6. You don't feel comfortable with him, or wonder about his competence. Doctors need to know intimate details you may not even share with friends or family members. If you're unable to disclose such facts, you and your doctor may not be the right match. A sense of unease about his decisions and recommendations, even if you can't say exactly why, is also a perfectly legitimate reason for cutting the cord, says Don Powell, president of the American Institute for Preventive Medicine, a nonprofit that promotes healthy behavior through wellness programs and publications. Beware of sloppy medical mistakes, too: If your doctor prescribes a medication to which you're allergic, and you know that information is in your history, a separation may be in order.
7. He doesn't coordinate with other doctors. Your primary care physician should be the quarterback of your healthcare team, managing each step of the medical process. That means keeping track of specialists' reports and instructions and talking with you about their recommendations. If he's slacking, an important piece of your care could slip through the cracks.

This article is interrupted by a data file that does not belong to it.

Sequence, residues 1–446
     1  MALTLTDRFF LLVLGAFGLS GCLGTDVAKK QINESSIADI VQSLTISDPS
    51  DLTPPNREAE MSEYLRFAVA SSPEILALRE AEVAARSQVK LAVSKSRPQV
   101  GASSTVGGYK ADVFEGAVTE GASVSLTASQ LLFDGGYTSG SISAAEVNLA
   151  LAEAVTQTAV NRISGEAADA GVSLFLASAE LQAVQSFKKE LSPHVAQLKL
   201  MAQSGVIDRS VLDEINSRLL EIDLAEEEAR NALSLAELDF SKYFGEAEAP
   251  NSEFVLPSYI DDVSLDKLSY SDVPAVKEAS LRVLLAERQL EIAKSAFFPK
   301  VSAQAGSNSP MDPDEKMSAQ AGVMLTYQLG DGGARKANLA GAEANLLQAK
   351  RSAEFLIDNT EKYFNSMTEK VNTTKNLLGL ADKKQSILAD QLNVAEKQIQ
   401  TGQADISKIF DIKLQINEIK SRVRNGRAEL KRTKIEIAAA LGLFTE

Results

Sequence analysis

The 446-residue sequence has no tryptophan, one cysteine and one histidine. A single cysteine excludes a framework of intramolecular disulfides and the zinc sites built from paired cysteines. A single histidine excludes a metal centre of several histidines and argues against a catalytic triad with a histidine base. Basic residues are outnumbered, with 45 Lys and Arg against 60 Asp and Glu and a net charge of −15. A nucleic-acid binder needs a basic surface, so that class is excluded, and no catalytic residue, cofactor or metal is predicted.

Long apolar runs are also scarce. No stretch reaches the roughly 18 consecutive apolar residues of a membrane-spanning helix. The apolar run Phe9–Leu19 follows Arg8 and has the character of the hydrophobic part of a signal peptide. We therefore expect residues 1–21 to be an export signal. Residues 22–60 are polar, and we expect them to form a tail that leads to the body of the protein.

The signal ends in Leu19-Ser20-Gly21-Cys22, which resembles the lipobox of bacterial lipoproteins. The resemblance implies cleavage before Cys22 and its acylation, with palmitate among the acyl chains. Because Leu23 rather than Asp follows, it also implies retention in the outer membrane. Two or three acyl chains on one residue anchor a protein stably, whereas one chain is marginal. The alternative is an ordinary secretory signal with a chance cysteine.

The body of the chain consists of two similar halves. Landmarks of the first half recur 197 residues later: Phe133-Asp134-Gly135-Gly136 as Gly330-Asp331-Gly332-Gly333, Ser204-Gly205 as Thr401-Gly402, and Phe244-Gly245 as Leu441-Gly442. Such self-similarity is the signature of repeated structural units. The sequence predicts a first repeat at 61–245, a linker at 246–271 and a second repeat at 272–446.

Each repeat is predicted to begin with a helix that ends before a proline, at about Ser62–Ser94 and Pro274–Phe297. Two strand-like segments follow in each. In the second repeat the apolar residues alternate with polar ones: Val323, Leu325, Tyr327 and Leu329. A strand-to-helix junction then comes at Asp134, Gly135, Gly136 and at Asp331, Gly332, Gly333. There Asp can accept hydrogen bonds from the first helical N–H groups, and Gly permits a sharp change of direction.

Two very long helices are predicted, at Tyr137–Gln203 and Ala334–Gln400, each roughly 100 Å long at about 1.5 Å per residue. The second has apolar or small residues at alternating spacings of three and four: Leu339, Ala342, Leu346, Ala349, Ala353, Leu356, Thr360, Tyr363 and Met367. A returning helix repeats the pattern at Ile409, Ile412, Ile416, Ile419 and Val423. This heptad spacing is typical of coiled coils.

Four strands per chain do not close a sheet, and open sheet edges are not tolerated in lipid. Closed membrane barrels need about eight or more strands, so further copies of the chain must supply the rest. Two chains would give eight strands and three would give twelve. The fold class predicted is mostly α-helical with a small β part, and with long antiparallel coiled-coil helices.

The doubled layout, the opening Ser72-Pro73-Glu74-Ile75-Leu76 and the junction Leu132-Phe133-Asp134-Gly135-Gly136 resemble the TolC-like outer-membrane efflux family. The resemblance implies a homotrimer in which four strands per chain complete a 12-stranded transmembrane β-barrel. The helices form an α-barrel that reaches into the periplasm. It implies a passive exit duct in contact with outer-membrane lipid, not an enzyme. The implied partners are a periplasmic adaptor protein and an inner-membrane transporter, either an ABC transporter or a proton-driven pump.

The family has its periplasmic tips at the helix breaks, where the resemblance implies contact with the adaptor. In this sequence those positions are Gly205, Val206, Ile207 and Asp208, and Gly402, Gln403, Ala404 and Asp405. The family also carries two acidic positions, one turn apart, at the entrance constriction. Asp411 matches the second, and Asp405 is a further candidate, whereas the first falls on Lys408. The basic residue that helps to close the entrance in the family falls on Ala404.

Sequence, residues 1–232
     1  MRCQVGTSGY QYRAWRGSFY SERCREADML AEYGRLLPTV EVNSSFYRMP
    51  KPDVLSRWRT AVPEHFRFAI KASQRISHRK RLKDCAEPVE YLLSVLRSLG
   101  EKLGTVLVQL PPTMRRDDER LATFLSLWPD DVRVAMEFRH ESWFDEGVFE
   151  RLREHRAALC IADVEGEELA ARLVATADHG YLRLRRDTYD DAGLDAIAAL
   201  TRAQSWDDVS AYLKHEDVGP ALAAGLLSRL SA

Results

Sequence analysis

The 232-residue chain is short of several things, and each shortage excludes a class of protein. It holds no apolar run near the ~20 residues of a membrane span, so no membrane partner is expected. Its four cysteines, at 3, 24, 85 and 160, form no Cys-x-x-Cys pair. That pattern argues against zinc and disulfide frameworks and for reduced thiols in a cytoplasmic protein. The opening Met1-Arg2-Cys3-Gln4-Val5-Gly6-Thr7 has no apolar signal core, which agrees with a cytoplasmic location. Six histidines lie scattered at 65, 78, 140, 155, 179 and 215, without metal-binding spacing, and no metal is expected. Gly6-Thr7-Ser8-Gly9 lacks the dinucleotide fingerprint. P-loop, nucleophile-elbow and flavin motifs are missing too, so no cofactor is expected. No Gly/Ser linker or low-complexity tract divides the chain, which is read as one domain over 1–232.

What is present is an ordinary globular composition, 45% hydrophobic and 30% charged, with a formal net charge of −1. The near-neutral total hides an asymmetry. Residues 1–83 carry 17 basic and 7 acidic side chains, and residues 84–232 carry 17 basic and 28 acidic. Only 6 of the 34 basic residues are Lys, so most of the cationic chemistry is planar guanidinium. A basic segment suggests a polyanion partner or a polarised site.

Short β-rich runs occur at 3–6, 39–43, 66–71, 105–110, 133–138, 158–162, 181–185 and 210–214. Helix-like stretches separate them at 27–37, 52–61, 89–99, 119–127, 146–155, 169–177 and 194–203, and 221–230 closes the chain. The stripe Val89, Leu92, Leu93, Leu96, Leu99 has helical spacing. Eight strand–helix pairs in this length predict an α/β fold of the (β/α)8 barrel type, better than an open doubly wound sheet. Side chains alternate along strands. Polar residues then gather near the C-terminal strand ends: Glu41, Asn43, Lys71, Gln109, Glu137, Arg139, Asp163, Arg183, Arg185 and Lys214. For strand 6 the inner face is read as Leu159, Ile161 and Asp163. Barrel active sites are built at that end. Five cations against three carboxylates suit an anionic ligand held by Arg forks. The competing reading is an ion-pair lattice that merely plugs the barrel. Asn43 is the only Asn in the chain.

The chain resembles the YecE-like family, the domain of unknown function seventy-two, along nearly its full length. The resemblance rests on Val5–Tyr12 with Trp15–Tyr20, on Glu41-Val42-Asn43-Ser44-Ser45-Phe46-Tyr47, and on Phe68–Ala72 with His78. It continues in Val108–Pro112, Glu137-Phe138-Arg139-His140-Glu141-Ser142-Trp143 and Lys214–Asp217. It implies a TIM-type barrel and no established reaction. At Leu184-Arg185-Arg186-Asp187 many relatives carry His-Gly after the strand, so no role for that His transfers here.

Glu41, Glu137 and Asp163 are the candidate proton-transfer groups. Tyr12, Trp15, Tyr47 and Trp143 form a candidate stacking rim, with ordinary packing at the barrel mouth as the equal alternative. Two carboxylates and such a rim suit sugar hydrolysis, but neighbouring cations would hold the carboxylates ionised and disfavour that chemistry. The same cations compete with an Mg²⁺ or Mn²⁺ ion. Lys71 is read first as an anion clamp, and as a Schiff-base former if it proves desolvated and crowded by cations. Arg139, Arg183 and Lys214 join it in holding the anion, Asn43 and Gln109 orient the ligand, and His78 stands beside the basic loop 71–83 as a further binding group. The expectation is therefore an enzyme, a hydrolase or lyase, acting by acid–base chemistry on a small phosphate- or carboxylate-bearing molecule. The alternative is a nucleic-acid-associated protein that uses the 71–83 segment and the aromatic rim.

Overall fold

8. He's unreachable. A good doctor is available for follow-up questions and concerns. Patient advocate Trisha Torrey, author of You Bet Your Life! The 10 Mistakes Every Patient Makes, recalls the time her husband developed severe tooth pain on a weekend. His dentist's voicemail included a cell phone number and a promise of a quick response, but he never heard back. An emergency clinic visit and root canal later, he told his dentist she was fired. A growing number of doctors are making themselves available to patients via E-mail, text message, and Skype, and at the very least, you need to know that in an emergency, you won't be left hanging.
9. He's rude or condescending. Time to part ways. Same goes if he trivializes your concerns as though they're not valid. One of the clearest signs you should move on is if he walks out of the room while you're still talking, says Clancy. That's what happened when her sister met with a surgeon to determine if her daughter should go through with a procedure. "When my sister finished asking her question, the doctor was gone," Clancy recalls. "She called me afterward and I told her, 'You have to find someone else. You'll regret it if you don't.' "